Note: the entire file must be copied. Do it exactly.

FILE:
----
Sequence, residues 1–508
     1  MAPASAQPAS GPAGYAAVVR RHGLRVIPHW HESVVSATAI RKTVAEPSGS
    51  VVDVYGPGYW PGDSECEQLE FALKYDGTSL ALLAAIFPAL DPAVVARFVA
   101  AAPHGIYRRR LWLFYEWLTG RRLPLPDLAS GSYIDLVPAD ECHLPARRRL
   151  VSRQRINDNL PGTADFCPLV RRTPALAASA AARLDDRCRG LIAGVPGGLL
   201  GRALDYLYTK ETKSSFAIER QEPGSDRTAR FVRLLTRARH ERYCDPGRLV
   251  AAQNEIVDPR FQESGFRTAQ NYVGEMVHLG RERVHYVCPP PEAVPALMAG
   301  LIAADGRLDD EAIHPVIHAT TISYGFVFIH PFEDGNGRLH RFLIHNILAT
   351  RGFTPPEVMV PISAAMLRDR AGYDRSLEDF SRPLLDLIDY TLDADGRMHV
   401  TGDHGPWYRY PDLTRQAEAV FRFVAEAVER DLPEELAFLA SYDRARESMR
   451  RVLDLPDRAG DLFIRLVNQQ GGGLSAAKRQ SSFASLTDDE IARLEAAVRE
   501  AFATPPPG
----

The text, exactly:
Sequence, residues 1–508
     1  MAPASAQPAS GPAGYAAVVR RHGLRVIPHW HESVVSATAI RKTVAEPSGS
    51  VVDVYGPGYW PGDSECEQLE FALKYDGTSL ALLAAIFPAL DPAVVARFVA
   101  AAPHGIYRRR LWLFYEWLTG RRLPLPDLAS GSYIDLVPAD ECHLPARRRL
   151  VSRQRINDNL PGTADFCPLV RRTPALAASA AARLDDRCRG LIAGVPGGLL
   201  GRALDYLYTK ETKSSFAIER QEPGSDRTAR FVRLLTRARH ERYCDPGRLV
   251  AAQNEIVDPR FQESGFRTAQ NYVGEMVHLG RERVHYVCPP PEAVPALMAG
   301  LIAADGRLDD EAIHPVIHAT TISYGFVFIH PFEDGNGRLH RFLIHNILAT
   351  RGFTPPEVMV PISAAMLRDR AGYDRSLEDF SRPLLDLIDY TLDADGRMHV
   401  TGDHGPWYRY PDLTRQAEAV FRFVAEAVER DLPEELAFLA SYDRARESMR
   451  RVLDLPDRAG DLFIRLVNQQ GGGLSAAKRQ SSFASLTDDE IARLEAAVRE
   501  AFATPPPG